She slammed herself down in her chair and debated getting a cola. She definitely didn’t want to join the group - Perry, Cat, Clark, and Jimmy - who stood around the vending machine. She’d caught sight of the evening edition’s headline - “Superman’s Back!". She knew Clark had the byline. God, how did he do it? He must have some inside track with Superman. He was deliberately freezing her out. The rat.

She wrinkled her nose. The breeze wafting through the newsroom smelled terrible. Was there a blockage in the drains?

The stairwell doors banged open and Lois stared in shock. Her sister limped in, one heel broken off, her blue suit - Lois’s good blue suit - covered in filth. She carried a large black plastic trash bag in one hand. The gossiping reporters broke off their talk and stood back as Lucy stalked toward Lois’s desk.

She slammed a piece of paper down. Lois picked it up. On one side, it was clearly labeled - addressed to Lois Lane. On the other - Lois gasped as she saw a map with streets and arrows and directions. In the center, a large “X" was labeled “Superman’s Spaceship".

“Lucy, what happened?" Jimmy and Lois asked simultaneously.

“Oh, nothing, nothing at all.” Lucy glared at Lois. “Lois, if this is what you have to do to be a reporter - you’re crazy!"


“Did you know that it’s possible to get completely lost at the Metropolis Sewage Reclamation Facility? And did you know there are billions of mosquitoes there? I do! I met them!"

Clark seemed distressed, acting as if he wanted to pat Lucy on the back. The waves of raw sewage odor wafting from her dissuaded him.

“Lucy, why did you go there?" Lois was beginning to get an ugly suspicion. “Where did you get this map?"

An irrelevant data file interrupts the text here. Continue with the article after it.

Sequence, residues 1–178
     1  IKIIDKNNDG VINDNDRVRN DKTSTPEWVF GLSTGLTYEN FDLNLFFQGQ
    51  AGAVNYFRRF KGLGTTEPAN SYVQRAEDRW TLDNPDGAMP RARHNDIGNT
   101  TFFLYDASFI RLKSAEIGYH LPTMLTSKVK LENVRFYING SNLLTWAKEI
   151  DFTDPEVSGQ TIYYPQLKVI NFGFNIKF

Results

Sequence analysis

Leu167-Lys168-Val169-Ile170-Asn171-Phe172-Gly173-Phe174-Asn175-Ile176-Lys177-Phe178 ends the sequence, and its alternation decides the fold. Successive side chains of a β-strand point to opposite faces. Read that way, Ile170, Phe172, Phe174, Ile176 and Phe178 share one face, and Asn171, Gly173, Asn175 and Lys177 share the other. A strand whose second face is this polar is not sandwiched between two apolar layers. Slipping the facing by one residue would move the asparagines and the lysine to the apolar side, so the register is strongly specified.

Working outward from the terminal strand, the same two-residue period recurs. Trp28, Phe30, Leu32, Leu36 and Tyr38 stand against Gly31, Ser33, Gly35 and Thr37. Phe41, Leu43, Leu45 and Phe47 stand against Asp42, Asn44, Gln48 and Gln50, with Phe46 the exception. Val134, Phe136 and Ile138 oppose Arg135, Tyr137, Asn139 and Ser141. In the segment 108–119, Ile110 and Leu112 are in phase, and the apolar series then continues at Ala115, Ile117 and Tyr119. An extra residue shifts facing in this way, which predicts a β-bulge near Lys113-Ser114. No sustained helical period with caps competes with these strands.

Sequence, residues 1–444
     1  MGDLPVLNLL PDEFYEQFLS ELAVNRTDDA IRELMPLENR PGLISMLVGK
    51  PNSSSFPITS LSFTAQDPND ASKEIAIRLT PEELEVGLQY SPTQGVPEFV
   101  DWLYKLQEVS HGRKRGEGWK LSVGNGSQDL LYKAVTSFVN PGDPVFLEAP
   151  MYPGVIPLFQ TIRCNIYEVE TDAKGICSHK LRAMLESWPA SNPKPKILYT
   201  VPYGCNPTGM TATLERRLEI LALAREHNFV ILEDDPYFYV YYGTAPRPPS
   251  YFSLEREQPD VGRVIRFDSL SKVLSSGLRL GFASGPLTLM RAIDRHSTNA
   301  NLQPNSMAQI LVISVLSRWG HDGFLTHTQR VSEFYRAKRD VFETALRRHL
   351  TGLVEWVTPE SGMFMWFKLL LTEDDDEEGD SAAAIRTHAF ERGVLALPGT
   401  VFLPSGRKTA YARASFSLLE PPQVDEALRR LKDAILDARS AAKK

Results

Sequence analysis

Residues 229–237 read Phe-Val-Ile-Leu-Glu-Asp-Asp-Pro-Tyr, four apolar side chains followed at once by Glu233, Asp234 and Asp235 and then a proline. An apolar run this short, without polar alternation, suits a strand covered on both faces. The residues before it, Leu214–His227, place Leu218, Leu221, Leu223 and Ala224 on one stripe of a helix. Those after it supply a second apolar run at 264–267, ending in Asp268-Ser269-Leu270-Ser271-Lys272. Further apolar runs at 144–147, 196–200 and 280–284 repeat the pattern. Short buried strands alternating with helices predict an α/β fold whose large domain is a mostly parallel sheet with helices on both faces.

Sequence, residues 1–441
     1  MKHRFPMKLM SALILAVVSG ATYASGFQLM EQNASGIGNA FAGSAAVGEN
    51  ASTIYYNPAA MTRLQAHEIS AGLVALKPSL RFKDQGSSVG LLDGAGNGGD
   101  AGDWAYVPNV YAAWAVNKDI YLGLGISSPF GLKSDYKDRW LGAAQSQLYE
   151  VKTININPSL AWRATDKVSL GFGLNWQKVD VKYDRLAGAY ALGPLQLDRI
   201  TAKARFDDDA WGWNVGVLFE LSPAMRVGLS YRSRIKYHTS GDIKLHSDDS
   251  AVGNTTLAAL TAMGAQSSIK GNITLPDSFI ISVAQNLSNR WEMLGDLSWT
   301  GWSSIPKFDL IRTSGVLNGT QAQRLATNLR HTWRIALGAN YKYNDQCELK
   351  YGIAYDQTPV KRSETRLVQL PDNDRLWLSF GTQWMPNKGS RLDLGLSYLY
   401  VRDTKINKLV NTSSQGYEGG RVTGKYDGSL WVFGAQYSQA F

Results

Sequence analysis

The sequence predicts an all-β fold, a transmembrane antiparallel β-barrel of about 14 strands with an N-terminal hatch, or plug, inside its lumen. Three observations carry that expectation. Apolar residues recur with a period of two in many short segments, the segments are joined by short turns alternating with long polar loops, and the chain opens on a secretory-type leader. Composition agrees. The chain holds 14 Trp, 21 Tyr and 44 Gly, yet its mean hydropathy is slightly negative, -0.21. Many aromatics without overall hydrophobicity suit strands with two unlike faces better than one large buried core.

“You should know! It was on your desk! You had it first! I was only borrowing it! I wanted to get the story! You told me I had to get the story!" Lucy was almost as angry as Lois could be. “There was no story there. But I did get this!" She opened the trash bag and pulled out a plastic Godzilla with a large yellow “S" painted on its chest.

Clark moved his eyes shiftily between Lois and Lucy.

With a blinding flash, the pieces came together for Lois. “You!" She said, leaping to her feet and pointing a finger at Clark. “You sent me this map so I’d go on a wild-goose chase for Superman’s spaceship!" She whirled toward Lucy. “And you stole the map off my desk! That’s what you were shoving in your file case last night!" She inhaled, faced Lucy accusingly. “You were going to steal my story!"

“You were the one who told me to do anything to get the story!" Lucy retorted.

“I didn’t mean steal it from me...” Lois trailed off when she saw Clark smirking.

“Consider this a life lesson, Lois. No charge," he said cheerily. “You know, karmic payback doesn’t usually happen this fast.” He turned to Lucy. “Sorry you got caught in the middle of this, Lucy.”

“Yeah, well it would have been nice to know this was a practical joke before I got bitten by ten million mosquitoes!"